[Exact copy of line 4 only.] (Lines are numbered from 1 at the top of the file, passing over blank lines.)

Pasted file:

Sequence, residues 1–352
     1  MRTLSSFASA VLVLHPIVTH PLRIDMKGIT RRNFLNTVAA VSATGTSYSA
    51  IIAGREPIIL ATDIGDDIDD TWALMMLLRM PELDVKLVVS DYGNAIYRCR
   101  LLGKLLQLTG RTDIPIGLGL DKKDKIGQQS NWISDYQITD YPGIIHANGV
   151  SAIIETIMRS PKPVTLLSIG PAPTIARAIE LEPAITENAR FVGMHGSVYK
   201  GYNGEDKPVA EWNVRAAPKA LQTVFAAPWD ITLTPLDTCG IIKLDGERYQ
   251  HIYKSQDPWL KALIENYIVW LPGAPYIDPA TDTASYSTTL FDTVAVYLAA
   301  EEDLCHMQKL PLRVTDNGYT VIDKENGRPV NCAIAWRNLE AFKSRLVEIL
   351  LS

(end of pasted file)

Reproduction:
   101  LLGKLLQLTG RTDIPIGLGL DKKDKIGQQS NWISDYQITD YPGIIHANGV